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Rejected my sons place offer for September, what happens now?(252 Posts)
We were allocated a terrible primary school miles away earlier this month for reception, I have thought about it and there's no way I can send my son there, so I have rejected the offer. What happens now?
Did you only list the one school on your form perhaps ?
I don't get how this happens. Surely like most people, when your son was born you began to consider what school might be best and as the years rolled by you gave it further consideration and checked the Ofsted reports of the local schools and checked out the admission criteria of the schools and made sure you met them?
I have to move to make sure my children went to a 'good' school. As the only one I was guaranteed a place in was 'satisfactory' (or whatever its called now).
I have several friends who also moved to get there DC in this school, as that year was a particularly big year and all the local schools were over subscribed.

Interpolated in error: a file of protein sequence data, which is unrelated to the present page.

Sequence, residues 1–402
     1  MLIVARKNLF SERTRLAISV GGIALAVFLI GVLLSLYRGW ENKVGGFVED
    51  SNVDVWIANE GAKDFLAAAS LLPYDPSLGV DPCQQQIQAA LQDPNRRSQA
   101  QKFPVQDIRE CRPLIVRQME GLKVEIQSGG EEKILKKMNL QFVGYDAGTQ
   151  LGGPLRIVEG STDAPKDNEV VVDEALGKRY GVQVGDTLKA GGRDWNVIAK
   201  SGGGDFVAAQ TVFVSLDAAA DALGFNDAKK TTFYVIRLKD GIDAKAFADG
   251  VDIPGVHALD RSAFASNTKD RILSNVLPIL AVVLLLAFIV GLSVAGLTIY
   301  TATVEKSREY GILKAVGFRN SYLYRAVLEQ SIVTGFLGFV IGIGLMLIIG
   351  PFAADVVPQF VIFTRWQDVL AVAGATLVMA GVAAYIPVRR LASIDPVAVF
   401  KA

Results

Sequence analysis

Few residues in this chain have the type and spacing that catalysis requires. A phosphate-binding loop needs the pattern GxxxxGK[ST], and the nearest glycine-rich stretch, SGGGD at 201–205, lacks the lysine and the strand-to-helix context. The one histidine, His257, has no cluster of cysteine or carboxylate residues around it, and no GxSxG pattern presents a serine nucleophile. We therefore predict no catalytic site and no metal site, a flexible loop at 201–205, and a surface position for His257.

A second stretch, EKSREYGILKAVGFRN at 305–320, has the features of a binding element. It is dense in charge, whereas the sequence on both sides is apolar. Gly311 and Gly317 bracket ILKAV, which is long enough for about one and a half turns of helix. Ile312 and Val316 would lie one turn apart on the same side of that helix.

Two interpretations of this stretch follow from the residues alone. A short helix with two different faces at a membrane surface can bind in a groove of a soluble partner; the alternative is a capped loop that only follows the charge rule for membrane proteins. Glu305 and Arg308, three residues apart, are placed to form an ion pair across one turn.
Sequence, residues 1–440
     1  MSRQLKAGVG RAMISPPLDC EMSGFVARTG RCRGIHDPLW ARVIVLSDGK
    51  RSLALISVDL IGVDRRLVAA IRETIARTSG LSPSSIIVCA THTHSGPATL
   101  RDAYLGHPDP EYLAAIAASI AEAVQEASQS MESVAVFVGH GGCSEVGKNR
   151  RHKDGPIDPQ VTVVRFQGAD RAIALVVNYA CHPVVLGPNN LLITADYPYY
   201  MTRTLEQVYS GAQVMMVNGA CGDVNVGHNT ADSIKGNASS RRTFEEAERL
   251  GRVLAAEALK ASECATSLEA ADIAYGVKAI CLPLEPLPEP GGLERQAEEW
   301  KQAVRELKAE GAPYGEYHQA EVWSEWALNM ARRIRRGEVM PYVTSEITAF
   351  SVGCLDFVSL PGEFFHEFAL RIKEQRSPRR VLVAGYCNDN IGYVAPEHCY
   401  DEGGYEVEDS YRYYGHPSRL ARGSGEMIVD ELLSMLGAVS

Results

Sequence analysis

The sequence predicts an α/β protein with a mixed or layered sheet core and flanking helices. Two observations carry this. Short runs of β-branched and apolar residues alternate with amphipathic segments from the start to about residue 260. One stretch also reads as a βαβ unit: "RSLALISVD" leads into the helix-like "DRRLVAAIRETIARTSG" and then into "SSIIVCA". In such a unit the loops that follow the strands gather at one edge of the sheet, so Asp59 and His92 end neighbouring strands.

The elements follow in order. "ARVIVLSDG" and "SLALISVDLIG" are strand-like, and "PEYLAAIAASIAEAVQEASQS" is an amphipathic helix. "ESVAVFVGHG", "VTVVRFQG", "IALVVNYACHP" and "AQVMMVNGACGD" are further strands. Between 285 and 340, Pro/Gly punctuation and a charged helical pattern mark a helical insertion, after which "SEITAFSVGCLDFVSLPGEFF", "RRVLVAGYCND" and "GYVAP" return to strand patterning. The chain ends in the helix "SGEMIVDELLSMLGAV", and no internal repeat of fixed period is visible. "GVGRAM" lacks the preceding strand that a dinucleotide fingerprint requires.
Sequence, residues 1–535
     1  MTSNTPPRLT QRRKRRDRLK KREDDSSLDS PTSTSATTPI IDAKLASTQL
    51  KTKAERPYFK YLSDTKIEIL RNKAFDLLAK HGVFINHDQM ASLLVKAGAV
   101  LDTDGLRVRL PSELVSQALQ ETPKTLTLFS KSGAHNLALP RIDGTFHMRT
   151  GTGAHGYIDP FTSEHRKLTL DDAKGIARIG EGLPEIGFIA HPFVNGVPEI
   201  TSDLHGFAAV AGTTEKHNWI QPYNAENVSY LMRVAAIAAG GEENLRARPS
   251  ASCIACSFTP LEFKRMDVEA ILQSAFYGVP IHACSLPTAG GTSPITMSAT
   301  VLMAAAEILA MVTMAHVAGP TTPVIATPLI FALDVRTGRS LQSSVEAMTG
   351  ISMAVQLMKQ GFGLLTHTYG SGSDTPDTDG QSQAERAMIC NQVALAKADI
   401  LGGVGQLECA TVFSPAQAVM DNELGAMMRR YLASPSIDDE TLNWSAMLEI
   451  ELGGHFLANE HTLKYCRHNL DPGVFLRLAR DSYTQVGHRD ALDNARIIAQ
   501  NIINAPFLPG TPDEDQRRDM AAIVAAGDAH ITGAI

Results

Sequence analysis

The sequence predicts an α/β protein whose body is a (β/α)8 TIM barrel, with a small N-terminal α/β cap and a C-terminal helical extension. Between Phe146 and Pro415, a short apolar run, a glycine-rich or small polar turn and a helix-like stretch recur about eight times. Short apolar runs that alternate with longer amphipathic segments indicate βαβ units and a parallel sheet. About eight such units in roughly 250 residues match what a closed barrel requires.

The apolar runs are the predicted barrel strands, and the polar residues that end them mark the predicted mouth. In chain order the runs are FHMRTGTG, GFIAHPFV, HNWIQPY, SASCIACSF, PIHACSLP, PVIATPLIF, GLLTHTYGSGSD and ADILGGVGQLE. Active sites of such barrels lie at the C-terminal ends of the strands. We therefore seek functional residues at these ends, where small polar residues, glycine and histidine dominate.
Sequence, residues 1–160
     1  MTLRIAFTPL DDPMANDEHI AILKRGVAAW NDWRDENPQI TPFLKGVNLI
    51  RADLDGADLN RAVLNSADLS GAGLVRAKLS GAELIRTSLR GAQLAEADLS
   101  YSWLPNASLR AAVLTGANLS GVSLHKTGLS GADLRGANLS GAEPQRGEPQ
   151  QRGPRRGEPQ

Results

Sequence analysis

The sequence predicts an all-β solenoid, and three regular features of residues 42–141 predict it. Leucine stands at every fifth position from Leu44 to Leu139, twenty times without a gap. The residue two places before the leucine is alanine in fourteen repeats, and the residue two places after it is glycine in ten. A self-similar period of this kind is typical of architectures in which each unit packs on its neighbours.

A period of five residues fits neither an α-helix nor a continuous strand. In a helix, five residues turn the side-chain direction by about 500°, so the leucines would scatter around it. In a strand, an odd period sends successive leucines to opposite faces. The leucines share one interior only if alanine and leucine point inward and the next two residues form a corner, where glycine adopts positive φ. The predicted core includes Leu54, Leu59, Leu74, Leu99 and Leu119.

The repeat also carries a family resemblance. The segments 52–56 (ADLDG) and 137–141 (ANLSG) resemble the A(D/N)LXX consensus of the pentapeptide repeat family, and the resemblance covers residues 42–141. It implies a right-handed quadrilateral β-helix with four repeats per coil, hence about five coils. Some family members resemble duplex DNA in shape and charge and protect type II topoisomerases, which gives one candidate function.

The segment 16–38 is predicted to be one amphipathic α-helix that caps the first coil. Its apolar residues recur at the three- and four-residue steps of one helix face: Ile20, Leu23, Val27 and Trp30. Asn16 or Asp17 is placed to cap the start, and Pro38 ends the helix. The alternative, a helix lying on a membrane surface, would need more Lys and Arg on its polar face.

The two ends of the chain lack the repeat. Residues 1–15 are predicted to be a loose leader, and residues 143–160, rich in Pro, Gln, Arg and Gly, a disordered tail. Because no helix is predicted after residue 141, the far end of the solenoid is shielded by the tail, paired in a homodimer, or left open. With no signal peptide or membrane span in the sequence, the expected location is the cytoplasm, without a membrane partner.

Can you please answer people's questions as you have lots if experts (not me btw!) who are willing to advise but they do need the full picture.
You said earlier you couldn't afford private education has that changed?
The local school is c of e and prioritises religious children, but it does take others so I hoped we might get a place anyway. I did not list it for that reason- seemed like a waste of an option.
If you didn't apply for a school you are unlikely to get a place! Have you got your name on the waiting list there now?
So you didn't even bother to out the local school on the form? Are you quite wise?
You didn't list the local school that you hoped you'd get a place in?
OP, you are refusing to take advice and get the offer reinstated. You can't afford to home ed or go private. What exactly are you going to do in January then?
Well if you didn't apply then of course he hasn't got a place!
What kind of fool are you? Did you not read the application material?
Definitely hang on here Poppy, lots of very knowledgable people in here who can advise you. If you didn't list the local school as an option then it would not even have been considered by the local authority. Are you on the waiting list there?